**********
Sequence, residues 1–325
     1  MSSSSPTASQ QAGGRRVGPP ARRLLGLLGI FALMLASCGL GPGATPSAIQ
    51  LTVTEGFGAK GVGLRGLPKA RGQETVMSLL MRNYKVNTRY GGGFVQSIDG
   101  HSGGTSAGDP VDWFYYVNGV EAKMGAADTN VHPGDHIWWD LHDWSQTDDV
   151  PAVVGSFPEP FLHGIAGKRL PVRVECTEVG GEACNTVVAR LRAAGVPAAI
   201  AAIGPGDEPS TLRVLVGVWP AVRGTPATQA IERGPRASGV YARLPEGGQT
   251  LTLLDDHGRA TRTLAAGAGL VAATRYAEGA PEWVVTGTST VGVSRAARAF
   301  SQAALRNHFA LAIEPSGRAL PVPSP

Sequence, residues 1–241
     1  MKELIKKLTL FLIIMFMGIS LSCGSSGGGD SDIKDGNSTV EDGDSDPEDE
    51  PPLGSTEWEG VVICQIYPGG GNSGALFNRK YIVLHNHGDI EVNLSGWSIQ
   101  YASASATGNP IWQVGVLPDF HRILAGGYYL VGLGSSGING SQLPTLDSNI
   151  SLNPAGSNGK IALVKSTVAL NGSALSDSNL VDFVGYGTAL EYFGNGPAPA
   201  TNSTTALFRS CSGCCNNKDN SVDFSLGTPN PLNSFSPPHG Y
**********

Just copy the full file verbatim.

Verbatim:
Sequence, residues 1–325
     1  MSSSSPTASQ QAGGRRVGPP ARRLLGLLGI FALMLASCGL GPGATPSAIQ
    51  LTVTEGFGAK GVGLRGLPKA RGQETVMSLL MRNYKVNTRY GGGFVQSIDG
   101  HSGGTSAGDP VDWFYYVNGV EAKMGAADTN VHPGDHIWWD LHDWSQTDDV
   151  PAVVGSFPEP FLHGIAGKRL PVRVECTEVG GEACNTVVAR LRAAGVPAAI
   201  AAIGPGDEPS TLRVLVGVWP AVRGTPATQA IERGPRASGV YARLPEGGQT
   251  LTLLDDHGRA TRTLAAGAGL VAATRYAEGA PEWVVTGTST VGVSRAARAF
   301  SQAALRNHFA LAIEPSGRAL PVPSP

Sequence, residues 1–241
     1  MKELIKKLTL FLIIMFMGIS LSCGSSGGGD SDIKDGNSTV EDGDSDPEDE
    51  PPLGSTEWEG VVICQIYPGG GNSGALFNRK YIVLHNHGDI EVNLSGWSIQ
   101  YASASATGNP IWQVGVLPDF HRILAGGYYL VGLGSSGING SQLPTLDSNI
   151  SLNPAGSNGK IALVKSTVAL NGSALSDSNL VDFVGYGTAL EYFGNGPAPA
   201  TNSTTALFRS CSGCCNNKDN SVDFSLGTPN PLNSFSPPHG Y